He’s young—just 27 years old—but the Chicago-born, London-raised designer Alexander Lewis is no industry rookie.

He’s been cultivating his interest in fashion since high school, when he got his start designing for the Minnesota-based shoe company Red Wing (his father was a managing director). During college at the University of Southern California, he worked with Cameron Silver at the vintage mecca Decades and also assisted André Leon Talley while the Vogue editor was temporarily based in LA. Back on the other side of the pond, there was a stint at Harrods and an apprenticeship on Savile Row.

Lewis has built this exhaustive CV in the most impressively deliberate of ways. It’s all been leading up to this—the launch of his own eponymous line.

Read on for our Q&A with Lewis upon the introduction of his first collection to Barneys New York.

Where is the place where you feel most at home?
London. I moved there when I was nine and I went to a really British school, Harrow, before going to school in LA—so my upbringing was quite English.

Now I live in Knightsbridge, which is probably not the best example of what London is but it is also is in certain some ways. It’s super touristy, always really hustly and bustly—there’s a lot going on. What I really love about it more than anything is just the access to the rest of the city.

What kind of fashion education did you receive when you worked at Decades in LA?  Did any designers catch your eye?
At that time, I thought all of the Don Loper designs were quite romantic—he did a lot of work for Lucille Ball. I loved Madame Grès and Stavropoulosnames that were really big in the ’70s because the owner, Cameron [Silver], has a penchant for that era. What was really amazing was just seeing stuff up close and personal, things I’ve heard about and seen in books or museums—Dior or ’60s couture from Balenciaga or Yves Saint Laurent. The proximity to these pieces was what was so remarkable.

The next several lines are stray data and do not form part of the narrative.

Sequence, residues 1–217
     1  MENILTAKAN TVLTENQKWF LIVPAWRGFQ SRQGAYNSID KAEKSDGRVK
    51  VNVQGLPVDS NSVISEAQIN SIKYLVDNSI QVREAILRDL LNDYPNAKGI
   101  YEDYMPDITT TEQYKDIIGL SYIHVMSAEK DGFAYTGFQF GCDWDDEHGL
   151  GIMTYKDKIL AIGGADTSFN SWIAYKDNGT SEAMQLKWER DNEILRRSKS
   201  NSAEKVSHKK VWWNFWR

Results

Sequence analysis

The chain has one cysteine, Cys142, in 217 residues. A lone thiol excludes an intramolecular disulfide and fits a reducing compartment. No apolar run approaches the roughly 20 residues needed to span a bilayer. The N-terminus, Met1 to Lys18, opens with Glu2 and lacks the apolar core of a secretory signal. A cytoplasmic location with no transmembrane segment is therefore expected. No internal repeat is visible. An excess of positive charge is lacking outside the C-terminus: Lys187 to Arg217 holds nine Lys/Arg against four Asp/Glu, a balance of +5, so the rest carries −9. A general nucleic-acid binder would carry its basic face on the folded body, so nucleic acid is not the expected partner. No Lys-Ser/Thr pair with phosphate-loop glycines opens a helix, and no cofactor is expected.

alexander-lewis-prefall-2013-5What kind of value did this close observation provide?
I could see the materials, the details and the interior workings of the dresses, and that is something that is quite amazing about the period—they actually had construction in the dresses! Whereas today, you open a dress and there’s almost nothing. I’m of the school where there’s almost nothing in my dresses, but I learned to appreciate what the underpinnings can do you for your structure.

What was the impetus for starting your own collection?
Well, I wanted to start my own collection since I was about 15. But it’s a long process, and I felt it was important to absorb and take in all these different elements since I hadn’t gone to fashion school. I went through the school of life, I suppose—the fashion school of life.

What were the sources of inspiration for your first collection here at Barneys, Pre-Fall 2013?
Aspen—but it’s not really about ski per se. I’ve actually personally have only ever spent summers in Aspen. I’ve  never experienced the Mariah-Carey-and-Ivana-Trump-in-white-fur side of the city. The collection is being delivered now, and this is the time of year that I actually picture the women wearing it.

Aspen is super sporty; people are walking around during the day in fleece, but then at night they change into something a bit nicer to go see a Wagner piece or go out for dinner. I wanted it to feel like she could be doing all of those things in any of the looks. It just is all very transitional.

Is there someone you would love to see wearing [your clothes]? It could be a starlet or a literary figure.
I’d love to see Katy Moran wearing my clothing. She’s an Irish painter based in London. She’s really cool, she likes her fashion. I also would like Sadie Coles to wear it—she’s a gallerist in London.